He also says children should have never been taken out of schools. On education more generally, Fox, who was ultimately expelled from Harrow for having sex at the sixth-form ball, hopes to raise the quality of all state schools across the country and doesn’t think much of private schools. But on this policy area, he is more attitude than detail. “I hate paying private school fees for my children. If it was my choice, I wouldn’t be doing it because I just think it’s a waste of money,” he says of his two sons, from his tumultuous relationship with actor ex-wife Billie Piper. “What’s the point in spending money so you can teach them all to be posh and hang around with other elite parents? Boring.”

 Although he doesn’t know specifically how to improve all state schools, he is happy to delegate to the experts and he says, “I’m just fairly logical. So just go, what’s the logical solution to this problem?”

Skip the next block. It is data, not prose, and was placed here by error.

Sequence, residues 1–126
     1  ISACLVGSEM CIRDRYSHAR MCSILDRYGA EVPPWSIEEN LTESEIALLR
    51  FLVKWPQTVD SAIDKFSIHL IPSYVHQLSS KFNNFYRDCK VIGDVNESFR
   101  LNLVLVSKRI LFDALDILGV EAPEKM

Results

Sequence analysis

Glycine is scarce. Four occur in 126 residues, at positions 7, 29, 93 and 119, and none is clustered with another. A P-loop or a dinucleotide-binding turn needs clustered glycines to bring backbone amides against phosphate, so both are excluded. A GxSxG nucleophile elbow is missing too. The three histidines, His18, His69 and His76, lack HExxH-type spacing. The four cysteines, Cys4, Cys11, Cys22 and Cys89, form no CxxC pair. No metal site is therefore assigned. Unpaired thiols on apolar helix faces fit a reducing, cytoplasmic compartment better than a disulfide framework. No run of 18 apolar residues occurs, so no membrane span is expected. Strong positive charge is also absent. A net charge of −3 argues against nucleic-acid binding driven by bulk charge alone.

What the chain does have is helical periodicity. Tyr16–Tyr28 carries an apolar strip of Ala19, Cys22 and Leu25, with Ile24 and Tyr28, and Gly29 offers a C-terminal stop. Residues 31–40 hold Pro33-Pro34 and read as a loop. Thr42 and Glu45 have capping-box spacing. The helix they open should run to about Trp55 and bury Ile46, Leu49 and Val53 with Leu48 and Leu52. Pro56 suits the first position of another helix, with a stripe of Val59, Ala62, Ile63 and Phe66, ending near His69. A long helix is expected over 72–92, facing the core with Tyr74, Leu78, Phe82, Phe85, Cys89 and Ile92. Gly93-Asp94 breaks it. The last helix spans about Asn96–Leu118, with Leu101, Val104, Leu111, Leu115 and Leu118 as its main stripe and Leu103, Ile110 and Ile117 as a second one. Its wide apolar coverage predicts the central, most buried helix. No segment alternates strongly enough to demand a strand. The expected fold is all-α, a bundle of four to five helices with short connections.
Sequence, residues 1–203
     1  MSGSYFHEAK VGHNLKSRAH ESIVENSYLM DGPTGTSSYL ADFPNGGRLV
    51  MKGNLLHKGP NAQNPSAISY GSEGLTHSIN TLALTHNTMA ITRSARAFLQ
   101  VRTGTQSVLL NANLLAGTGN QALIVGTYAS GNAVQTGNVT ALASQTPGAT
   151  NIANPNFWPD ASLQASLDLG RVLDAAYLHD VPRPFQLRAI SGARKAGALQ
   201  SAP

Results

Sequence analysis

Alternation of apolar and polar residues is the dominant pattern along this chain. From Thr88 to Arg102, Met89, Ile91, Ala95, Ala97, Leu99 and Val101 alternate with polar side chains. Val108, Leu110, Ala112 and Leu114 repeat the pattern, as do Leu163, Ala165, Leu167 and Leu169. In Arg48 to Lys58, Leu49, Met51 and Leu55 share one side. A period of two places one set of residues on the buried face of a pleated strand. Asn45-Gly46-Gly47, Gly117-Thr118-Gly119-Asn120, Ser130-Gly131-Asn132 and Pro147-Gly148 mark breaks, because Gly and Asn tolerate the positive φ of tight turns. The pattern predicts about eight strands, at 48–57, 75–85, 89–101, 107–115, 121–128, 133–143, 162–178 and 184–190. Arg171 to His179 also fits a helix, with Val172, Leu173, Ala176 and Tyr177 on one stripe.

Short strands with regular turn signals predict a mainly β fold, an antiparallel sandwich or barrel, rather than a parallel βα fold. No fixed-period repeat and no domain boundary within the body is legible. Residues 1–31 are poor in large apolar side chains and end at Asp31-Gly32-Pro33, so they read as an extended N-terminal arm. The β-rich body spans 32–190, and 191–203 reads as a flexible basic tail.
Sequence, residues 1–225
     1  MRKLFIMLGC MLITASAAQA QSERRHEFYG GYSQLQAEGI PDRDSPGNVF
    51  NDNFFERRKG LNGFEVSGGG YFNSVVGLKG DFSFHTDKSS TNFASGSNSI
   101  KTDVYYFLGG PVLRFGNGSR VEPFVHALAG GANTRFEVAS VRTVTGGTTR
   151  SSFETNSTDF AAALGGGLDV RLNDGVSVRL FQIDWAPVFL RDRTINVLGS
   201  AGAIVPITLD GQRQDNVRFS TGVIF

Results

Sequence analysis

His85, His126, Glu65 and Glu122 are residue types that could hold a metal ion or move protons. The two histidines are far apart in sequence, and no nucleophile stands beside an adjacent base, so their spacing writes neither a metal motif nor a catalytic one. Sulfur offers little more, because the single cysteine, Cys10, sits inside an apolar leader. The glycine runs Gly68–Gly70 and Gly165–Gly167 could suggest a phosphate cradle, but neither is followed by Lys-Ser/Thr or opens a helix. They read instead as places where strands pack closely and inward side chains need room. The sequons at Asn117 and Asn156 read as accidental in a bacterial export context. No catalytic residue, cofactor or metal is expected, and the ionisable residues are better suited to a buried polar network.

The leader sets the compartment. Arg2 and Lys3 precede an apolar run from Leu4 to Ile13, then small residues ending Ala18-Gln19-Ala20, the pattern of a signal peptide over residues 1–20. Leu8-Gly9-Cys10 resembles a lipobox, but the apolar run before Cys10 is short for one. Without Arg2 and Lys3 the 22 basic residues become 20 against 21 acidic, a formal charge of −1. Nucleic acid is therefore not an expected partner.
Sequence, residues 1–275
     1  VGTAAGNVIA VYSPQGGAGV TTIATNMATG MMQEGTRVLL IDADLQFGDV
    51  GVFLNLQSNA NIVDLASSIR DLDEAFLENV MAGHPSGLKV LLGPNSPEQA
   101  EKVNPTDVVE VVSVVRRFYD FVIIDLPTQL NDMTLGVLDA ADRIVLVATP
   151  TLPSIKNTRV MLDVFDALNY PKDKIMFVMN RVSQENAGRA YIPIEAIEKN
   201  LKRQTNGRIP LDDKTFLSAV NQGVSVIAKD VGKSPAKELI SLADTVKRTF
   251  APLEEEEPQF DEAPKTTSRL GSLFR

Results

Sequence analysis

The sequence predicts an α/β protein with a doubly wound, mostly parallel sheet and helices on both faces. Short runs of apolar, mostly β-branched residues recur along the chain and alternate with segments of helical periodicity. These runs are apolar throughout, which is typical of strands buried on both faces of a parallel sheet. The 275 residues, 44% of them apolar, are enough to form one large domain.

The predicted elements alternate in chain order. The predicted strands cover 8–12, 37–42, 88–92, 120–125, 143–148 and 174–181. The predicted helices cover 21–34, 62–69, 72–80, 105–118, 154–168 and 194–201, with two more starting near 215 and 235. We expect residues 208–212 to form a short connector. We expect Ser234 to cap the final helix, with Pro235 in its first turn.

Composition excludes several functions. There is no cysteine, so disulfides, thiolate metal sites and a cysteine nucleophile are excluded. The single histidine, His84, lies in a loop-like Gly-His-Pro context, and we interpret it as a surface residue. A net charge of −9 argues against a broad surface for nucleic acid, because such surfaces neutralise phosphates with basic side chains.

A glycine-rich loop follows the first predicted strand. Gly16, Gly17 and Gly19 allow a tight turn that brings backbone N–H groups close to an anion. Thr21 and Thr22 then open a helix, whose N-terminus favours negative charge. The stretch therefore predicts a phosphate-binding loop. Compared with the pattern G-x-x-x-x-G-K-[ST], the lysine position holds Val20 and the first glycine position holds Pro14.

One thing he is sure about is that calls to decolonise the curriculum are problematic. Advocates of decolonisation want to interrogate the historical cannon and include a wider range of perspectives. But Fox says, if anything, we “need to recolonise the curriculum” so there is a greater emphasis on British history. “Rather than being taught to look at history through a lens of race or gender, they should probably be taught to look at history through a lens of identity and home,” he explains.  

He believes firmly in a culture war and the ultimate aim of Reclaim, he says, is just to shift the “Overton window” — the range of ideas that voters find acceptable. “We live in a kind of two tier system in this country ‘the morally superior’ and the ‘deplorables’,” he says he represents the latter.  I wonder how he takes the temperature of the nation and how he plans on measuring the movement of the window.